Employers are experimenting with job rotation for its ability to help employees develop new skills and stay motivated. Is it your turn to give this concept a chance in your company? Here are a few things to consider as you make your decision.
The potential benefits
Job rotation may help you identify more of your employees’ skills and talents, so you can better use your personnel to meet the needs of your business. By simply having employees try new positions and responsibilities, you may even uncover some surprising – and valuable – hidden talents.
Additionally, job rotation may contribute to your employees' overall professional development. For example, those who lack experience interacting with clients can learn a lot by meeting with or exchange emails with clients more frequently.
Job rotation may also help improve employee satisfaction and fulfillment. It can help increase employee engagement by providing different tasks and expectations.
The potential candidates
Anyone may be a good candidate for job rotation.
Workforce.com recommends younger professionals as particularly good candidates. Young adults who are sharpening their skills and adding new tools to their professional tool belt will likely welcome the chance to develop new skills they can use later in their career.
The potential challenges
According to a recent study by HumanTech, responses can be mixed when it comes to measuring the success of job rotation.
For example, employees who often change positions may confuse other members of staff. When staff members typically turn to someone specific for certain tasks, they may be confused or frustrated by not knowing where to turn when they’re in need. This can make some tasks more time-consuming and less efficient.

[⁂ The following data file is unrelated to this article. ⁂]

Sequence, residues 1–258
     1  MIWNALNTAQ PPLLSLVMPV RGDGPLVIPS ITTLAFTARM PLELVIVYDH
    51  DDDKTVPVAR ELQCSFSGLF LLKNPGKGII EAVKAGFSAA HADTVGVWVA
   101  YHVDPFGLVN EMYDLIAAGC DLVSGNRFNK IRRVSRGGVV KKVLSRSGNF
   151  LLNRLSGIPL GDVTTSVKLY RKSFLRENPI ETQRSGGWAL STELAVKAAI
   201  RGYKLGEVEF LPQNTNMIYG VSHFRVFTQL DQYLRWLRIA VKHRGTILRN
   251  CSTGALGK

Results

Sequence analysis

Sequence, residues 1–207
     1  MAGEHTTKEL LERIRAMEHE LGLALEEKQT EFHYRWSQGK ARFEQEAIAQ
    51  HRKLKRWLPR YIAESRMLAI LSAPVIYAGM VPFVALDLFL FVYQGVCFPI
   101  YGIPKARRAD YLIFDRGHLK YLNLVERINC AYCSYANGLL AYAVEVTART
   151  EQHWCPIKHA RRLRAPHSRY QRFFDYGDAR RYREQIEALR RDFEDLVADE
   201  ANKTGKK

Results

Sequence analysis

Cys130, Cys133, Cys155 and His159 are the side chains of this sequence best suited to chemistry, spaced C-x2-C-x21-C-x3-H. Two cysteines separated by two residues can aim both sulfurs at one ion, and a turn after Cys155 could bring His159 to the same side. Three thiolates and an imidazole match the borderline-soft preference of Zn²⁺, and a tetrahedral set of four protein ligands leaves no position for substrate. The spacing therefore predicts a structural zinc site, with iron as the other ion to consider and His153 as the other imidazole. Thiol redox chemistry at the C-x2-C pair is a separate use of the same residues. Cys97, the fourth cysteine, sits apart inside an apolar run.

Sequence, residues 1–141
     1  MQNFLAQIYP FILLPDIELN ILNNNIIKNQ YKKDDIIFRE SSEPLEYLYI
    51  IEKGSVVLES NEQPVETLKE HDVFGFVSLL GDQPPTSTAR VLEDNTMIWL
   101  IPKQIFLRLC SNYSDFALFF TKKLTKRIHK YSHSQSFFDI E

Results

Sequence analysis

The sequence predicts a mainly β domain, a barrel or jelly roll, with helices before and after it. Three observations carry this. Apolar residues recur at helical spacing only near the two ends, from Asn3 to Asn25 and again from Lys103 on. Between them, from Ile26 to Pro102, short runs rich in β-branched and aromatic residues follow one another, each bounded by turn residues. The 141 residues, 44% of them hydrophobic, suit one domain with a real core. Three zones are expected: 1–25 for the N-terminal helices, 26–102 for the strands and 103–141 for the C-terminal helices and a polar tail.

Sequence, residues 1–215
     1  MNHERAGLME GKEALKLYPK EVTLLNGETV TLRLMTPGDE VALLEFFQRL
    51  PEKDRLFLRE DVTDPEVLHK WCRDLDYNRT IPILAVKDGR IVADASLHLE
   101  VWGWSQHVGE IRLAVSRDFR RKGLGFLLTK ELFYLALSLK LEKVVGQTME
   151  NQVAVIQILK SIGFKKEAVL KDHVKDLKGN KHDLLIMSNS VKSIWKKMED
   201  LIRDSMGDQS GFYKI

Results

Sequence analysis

The big decision
Implementing job rotation is a big decision and is not appropriate for every workplace. Before you jump in, you may want to test the waters to see how receptive your employees will be. Consider sending out a survey to all of your employees, inquiring whether they would be interested in the opportunity to work different positions and further develop their professional skills.
This can help you determine whether job rotation would benefit your organization, and identify those most likely to excel in such a program.
You may also consider a trial period or a pilot program. You can then weigh feedback from the participants and staff at large, and adjust your program as necessary.
While job rotation may provide substantial benefits, it’s not for everyone. If you decide to give it a try, weigh the risks and benefits. Identify your best candidates. And stay flexible as you develop your program. From there, the sky’s the limit.